Dufry CEO, Xavier Rossinyol reiterated the overarching ambitions for the company’s merger with Autogrill, offered his thoughts on its future in China, whilst stressing the significance of new financial reporting metrics, during a H1 2022 results call on 9 August.
During the conference call, Rossinyol and Gerster said they were ‘cautiously optimistic’ about the coming months – with Rossinyol sharing that the company is operating at 90% capacity – but both caveated this by stating that the macroeconomic situation remains unclear and that the ‘challenging labour market’ means that they are unable to hire as many employees as they might wish or ‘as fast as we would like’.
As reported, Dufry Group’s turnover reached CHF 2,922.5 million/$3,068.8 for the first half of 2022, representing growth of 146.2% year-on-year and 75.5% of 2019’s turnover in constant currency (69.9% in reported currency).
“We are very closely monitoring the global travel situation and we are deciding on a case by case basis on the opening of shops, or the signing of new contracts, on expenditure and investment.”
Moving on to the company’s acquisition of Autogrill, he did not play down the magnitude of the deal. Echoing previous statements made in July, he said, the aim of joining forces was to ‘redefine the travel experience for customers worldwide’, whilst emphasising the fact that the addition of Autogrill would allow it to look at the customer journey in a more holistic way.
Whilst more effectively integrating travel retail and food & beverage operations along the customer journey, the aim is to also continue striving for a more seamless blend of the physical and digital realms. More obviously, from a geographical standpoint, Dufry will gain a stronger presence in the ‘resilient US market’, while adding opportunities in other key regions, said Rossinyol.
Later on, the CEO was asked a question about the importance of Chinese travellers as well as Dufry’s business interests in China and more specifically Hainan. His response was measured. “We believe that when the country reopens – that could be in a few months or could be in a year’s time – the Chinese traveller will be once more very relevant globally. We definitely want to deliver value to those travellers any where they are…in Asia Pacific, Europe, America or China.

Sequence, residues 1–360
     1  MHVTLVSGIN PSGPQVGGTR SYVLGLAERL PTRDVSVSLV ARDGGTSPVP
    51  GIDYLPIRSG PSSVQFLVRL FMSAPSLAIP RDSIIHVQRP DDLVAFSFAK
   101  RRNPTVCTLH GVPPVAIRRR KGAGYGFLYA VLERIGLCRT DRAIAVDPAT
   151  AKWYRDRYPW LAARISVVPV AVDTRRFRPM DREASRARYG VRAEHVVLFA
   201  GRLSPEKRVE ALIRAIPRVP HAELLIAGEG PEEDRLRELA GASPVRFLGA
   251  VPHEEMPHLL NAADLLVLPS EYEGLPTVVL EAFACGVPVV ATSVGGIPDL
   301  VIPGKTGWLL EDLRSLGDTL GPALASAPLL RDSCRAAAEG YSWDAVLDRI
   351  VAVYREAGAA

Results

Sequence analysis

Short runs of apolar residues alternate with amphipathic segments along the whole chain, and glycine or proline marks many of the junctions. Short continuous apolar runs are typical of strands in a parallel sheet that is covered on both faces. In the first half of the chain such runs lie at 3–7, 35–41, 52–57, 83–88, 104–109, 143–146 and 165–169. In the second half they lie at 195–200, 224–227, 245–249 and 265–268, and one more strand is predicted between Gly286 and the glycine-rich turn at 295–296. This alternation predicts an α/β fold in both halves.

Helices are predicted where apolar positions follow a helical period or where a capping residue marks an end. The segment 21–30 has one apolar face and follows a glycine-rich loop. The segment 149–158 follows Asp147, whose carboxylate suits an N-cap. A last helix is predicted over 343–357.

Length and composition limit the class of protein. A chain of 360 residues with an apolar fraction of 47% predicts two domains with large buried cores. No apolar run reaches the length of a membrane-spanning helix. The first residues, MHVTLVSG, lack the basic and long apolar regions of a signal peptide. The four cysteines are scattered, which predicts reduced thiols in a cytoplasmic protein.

“But we cannot forget that China has certain regulatory restrictions that we need to follow. Hainan remains a key bet of our long-term strategy in China. We keep committed, it’s a market that’s changing and adapting very quickly.”
He then spoke about the true business potential in China, where international companies are still not permitted to directly-operate duty free stores. “As you know there was very limited number of [duty free] licences. More licences were given only to Chinese companies.
“But the reality is that the market has remained extremely consolidated with one of those licence holders, and the rest of those licence holders – as you know we partner with one of them – have had (so far) limited success to penetrate the market. Let me be clear; Hainan, China and the Chinese travellers are a long-term bet. This is not something you do overnight.
“The business [in China] is going well, but it’s still very limited in volume for the overall group. But the joint venture with Alibaba and [what we are learning there], mean it’s going [to prove to be] over time a very clear strategic decision by the company; long-term.”
During the early part of the conference call Rossinyol was keen to emphasise how significant it was that the company had introduced a new reporting format for its alternative performance measures (APM). He explained that CORE figures represent the full business. He also reiterated that the result excludes the impact from the IFRS16 lease accounting standard, and as done so far, adjustments for acquisition-related amortisations and expenses.
Yves Gerster, CFO of Dufry Group, was able to drill into the detail: “We introduced an EBITDA concept and related performance indicators on top of our IFRS results. Those CORE figures consider all our concession fees and corresponding payments as a part of our operational activities.
“Therefore, they better reflect the actual performance of our business, the reality of our concession contracts and are best equipped to follow and evaluate our performance, while we are continuing with our IFRS reporting. We have published also historical figures in a consistent manner to allow clear comparisons.”